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Major Verizon Data Breach: What to Do Now

UPDATED 8:20 a.m. ET Thursday (July 13) with a statement from Verizon.

Have you called Verizon customer service in 2017? Better change your account personal identification number (PIN), if you have one.

Credit: DayOwl/Shutterstock

(Image credit: DayOwl/Shutterstock)

Verizon told CNN that personal information pertaining to six million customers, including names, street addresses, email addresses, telephone numbers and account PINs, had been left exposed in a database on a third-party cloud server for an undetermined length of time.

UpGuard, the information-security company whose researcher, Chris Vickery, found the exposed database, contended in its report today (June 12) that the number of affected Verizon accounts might be closer to 14 million.

MORE: What to Do After a Data Breach

The unprotected cloud server was operated by NICE, an Israeli firm that handles customer-service operations for many large American companies.

Vickery, who specializes in finding unprotected data online, stumbled across the database by guessing its web address. He said it contained logs of Verizon customer-service inquiries beginning in January 2017.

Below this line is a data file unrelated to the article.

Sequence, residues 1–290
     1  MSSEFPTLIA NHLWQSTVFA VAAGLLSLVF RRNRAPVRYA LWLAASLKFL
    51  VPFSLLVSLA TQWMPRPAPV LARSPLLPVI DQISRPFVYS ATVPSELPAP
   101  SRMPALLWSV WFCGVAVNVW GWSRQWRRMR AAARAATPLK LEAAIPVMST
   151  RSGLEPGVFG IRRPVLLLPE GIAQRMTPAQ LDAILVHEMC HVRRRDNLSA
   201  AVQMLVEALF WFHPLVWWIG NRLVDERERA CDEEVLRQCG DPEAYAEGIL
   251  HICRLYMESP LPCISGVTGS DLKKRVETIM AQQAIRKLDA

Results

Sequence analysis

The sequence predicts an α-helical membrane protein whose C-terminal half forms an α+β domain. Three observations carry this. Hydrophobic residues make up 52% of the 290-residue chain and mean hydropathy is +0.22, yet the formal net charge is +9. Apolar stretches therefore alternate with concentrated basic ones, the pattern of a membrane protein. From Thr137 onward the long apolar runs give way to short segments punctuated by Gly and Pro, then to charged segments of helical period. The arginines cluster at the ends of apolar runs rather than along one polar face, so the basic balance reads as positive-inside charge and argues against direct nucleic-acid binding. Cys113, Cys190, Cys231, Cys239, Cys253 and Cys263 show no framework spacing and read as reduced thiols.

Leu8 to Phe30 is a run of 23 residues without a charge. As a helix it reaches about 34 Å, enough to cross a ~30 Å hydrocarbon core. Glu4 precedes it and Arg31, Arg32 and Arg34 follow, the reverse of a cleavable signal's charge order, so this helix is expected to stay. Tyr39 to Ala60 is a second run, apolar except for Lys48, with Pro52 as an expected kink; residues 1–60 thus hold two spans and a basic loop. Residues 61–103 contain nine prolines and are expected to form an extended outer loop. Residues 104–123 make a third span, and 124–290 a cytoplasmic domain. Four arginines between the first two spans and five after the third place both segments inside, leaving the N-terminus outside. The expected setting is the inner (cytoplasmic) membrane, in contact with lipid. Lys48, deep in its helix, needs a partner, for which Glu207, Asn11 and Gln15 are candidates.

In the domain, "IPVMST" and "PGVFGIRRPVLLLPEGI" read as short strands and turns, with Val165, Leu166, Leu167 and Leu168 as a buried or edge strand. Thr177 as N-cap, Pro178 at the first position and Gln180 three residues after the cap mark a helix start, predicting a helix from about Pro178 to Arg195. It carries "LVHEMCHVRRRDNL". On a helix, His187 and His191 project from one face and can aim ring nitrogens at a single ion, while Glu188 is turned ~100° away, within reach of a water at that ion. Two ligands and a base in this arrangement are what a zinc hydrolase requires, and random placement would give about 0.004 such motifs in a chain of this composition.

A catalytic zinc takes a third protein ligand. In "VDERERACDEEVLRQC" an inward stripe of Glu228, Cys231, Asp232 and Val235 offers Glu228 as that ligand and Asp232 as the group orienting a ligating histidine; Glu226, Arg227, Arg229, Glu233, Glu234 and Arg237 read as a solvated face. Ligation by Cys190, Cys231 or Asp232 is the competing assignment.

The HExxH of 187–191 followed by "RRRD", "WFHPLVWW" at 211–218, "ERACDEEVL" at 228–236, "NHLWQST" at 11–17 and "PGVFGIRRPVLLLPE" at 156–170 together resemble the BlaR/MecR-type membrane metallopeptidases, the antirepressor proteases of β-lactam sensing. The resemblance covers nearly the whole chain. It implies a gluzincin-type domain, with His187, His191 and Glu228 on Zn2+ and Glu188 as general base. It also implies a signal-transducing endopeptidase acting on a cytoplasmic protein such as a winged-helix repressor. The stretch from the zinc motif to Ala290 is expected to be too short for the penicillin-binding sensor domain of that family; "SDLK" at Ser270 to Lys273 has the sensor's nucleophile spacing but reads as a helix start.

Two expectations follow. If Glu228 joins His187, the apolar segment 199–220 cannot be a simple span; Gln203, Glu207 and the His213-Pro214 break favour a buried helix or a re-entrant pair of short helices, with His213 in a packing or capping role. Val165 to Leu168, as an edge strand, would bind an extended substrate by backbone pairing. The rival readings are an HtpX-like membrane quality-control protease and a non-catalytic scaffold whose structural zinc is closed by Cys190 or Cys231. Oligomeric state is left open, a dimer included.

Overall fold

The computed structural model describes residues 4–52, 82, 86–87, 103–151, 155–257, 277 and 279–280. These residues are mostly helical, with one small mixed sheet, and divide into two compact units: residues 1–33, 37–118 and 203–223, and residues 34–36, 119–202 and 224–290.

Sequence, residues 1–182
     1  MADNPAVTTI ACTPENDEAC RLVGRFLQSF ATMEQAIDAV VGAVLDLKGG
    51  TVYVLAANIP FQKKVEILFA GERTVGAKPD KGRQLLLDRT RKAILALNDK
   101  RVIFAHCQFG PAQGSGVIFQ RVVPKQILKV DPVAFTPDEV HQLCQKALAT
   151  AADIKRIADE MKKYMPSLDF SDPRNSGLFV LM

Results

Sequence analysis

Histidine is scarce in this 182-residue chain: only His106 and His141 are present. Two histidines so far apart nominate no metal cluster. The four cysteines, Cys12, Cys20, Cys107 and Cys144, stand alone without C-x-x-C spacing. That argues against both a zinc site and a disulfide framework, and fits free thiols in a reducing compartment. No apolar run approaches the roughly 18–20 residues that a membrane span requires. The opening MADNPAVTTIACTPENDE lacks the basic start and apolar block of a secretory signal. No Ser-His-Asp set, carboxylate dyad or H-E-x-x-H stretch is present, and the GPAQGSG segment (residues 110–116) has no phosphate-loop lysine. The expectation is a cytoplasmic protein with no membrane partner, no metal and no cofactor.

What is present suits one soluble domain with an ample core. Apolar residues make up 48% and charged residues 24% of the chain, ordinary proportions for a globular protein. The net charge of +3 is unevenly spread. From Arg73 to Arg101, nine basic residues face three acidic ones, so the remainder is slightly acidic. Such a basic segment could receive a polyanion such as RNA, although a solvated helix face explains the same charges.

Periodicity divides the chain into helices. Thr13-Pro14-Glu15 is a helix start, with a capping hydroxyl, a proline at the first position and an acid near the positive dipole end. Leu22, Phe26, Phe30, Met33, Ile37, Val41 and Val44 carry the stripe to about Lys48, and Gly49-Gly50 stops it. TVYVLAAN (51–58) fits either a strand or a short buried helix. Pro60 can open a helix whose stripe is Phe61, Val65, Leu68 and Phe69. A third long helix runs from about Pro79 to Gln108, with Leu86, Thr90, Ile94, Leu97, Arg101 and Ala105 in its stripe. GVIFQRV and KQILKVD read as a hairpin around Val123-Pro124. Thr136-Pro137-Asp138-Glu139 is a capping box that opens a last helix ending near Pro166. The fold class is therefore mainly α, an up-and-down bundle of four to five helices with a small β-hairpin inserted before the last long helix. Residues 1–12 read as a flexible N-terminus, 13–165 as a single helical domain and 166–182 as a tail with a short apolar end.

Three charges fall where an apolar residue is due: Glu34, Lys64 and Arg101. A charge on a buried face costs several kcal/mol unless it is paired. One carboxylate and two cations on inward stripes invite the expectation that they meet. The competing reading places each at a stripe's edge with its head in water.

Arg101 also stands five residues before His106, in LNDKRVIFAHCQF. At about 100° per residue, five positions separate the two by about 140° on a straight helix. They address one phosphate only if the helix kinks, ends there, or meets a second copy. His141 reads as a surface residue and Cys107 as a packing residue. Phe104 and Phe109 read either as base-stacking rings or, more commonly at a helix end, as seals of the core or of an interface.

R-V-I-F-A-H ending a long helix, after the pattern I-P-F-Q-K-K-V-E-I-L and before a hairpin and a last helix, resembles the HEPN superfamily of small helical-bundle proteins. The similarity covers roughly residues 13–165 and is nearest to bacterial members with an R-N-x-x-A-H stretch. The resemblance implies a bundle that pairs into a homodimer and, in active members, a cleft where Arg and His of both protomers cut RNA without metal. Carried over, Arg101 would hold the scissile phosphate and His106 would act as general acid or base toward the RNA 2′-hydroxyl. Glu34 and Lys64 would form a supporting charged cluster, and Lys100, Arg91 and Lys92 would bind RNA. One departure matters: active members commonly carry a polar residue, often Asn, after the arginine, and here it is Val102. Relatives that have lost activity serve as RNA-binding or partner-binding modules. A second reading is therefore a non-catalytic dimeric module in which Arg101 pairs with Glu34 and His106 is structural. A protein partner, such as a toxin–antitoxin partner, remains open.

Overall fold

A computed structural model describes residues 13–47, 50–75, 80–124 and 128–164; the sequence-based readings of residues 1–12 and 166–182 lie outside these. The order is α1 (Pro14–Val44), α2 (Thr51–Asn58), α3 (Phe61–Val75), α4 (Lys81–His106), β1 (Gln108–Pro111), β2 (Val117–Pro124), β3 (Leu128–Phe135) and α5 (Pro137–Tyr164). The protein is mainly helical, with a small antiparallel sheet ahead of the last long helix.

Vickery notified Verizon of the exposed database on June 13, the UpGuard report states, but the database was not fully secured until June 22. There is no evidence that anyone other than Vickery accessed the data — but on the other hand, there's no evidence that no one did.

Although the logs made reference to voice recordings of customer-service calls, the UpGuard report said Vickery found none on the server.

It was not immediately clear whether the customer database pertained to Verizon wireless, landline or business customers, or a combination of any of the three.

Last month, Vickery revealed that he'd found data pertaining to nearly every registered U.S. voter on an unprotected online database run by a political analytics firm. That was the second time he'd done so. Last year, he found data pertaining to nearly 2,000 children in a server run by a parental-monitoring software firm.

Vickery also found data on the NICE server pertaining to Orange, a French cellular carrier that has operations in two dozen countries in Europe, the Middle East and Africa. That data appeared to be less sensitive.

UPDATE: Verizon has released a statement that reads, in part:

"We have been able to confirm that the only access to the cloud-storage area by a person other than Verizon or its vendor was a researcher who brought this issue to our attention. In other words, there has been no loss or theft of Verizon or Verizon customer information."

The statement goes on to imply that the telephone numbers involved are primarily from residential and business landlines, and that "the PINs are used to authenticate a customer calling our wireline call center, but do not provide online access to customer accounts."

Paul Wagenseil
Paul Wagenseil is a senior editor at Tom's Guide focused on security and privacy. That's all he's going to tell you unless you meet him in person.